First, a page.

A man, aged twenty-one, was admitted into the Radcliffe Infirmary on June 28, 1895. His illness commenced about twelve months previously with pain across the upper part of the abdomen and vomiting. These symptoms had increased in severity during the last six months. On one or two occasions the vomit was blood-streaked. Pain did not seem to be affected by food.

On admission the patient looked anxious and very ill. Nothing was discovered in the abdomen to account for the pain and vomiting. While in the infirmary he vomited daily, and often complained of severe abdominal pain. Bowels confined. He was put on a fluid diet.

On the evening of July 10 the patient was seized with more than usually severe pain, and the vomiting became urgent. The following morning a distinct tumour could be made out, running obliquely across the abdomen from right to left. This was considered to be most probably an intussusception, and it was decided to open the abdomen. On this being done a large intussusception was found, commencing a few inches from the pylorus. It was easily reduced, but the patient's condition did not improve, and he died about twenty-four hours after the completion of the operation.

July 12.-On post-mortem examination an enormous number of polypi were found, varying in size from a pigeon's egg to a pea; they were scattered throughout the stomach and small intestines, the greatest number being in the duodenum and upper part of the jejunum. Many of them were furnished with long pedicles (fig. 61). W. Collier.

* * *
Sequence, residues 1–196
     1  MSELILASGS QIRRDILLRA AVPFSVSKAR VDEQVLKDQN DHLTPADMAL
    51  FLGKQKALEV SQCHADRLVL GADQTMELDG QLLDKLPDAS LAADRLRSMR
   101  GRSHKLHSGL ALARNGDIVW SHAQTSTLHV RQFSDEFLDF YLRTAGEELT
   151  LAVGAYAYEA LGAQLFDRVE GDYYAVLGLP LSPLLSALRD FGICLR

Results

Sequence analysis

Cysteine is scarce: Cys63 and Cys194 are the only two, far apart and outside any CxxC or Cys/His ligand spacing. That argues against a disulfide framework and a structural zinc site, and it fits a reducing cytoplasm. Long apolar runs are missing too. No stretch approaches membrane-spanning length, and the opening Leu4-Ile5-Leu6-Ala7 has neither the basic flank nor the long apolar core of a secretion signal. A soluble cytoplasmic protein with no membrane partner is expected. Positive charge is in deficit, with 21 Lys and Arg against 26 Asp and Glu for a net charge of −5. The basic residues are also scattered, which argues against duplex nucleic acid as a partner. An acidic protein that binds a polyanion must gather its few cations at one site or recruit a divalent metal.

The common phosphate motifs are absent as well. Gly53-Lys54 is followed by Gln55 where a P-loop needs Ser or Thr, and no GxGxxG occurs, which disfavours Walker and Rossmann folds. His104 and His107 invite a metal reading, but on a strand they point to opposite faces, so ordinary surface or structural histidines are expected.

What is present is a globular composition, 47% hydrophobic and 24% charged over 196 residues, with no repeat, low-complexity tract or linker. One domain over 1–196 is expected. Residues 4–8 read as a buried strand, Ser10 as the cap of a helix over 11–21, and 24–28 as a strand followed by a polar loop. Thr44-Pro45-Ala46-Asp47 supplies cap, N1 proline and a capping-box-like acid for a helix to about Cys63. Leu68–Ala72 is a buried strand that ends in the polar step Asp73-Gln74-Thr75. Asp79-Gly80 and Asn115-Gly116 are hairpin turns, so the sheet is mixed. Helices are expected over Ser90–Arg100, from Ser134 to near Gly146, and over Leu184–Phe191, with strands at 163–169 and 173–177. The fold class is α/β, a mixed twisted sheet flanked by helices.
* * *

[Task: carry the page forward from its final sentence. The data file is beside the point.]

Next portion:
Multiple small polypi in the stomach, being rarely accompanied by any symptoms of importance, can seldom be recognised during life. In the only two cases where a successful diagnosis was made unmistakable evidence of the disease was afforded by the appearance of a polypus in the vomit. In Beardsley's case, already cited, the tumour was apparently detached during an attack of violent retching, while in the other it became entangled in the eye of a stomach-tube, and was thus removed (Debove). Even when the pylorus is partially obstructed no tumour can be detected, and the concomitant pain and haematemesis usually suggest the presence of an ulcer rather than of a growth.

Pedunculated adenomata accompanied by a palpable tumour are exceedingly rare, and closely resemble cancer or fibrosarcoma of the stomach. Indeed, notwithstanding the cases of benign adenomata recorded by Chaput, Hinds, and others, we are strongly of the opinion that all palpable tumours occurring after middle life and accompanied by progressive symptoms are really malignant in character.


This resolves itself into the treatment of symptoms. If the stomach is dilated the employment of lavage with an appropriate diet will afford relief, while in cases where spasmodic pain is a prominent; feature of the disease recourse must be had to opiates. The presence of a movable tumour connected with the stomach should be regarded as an indication for surgical interference.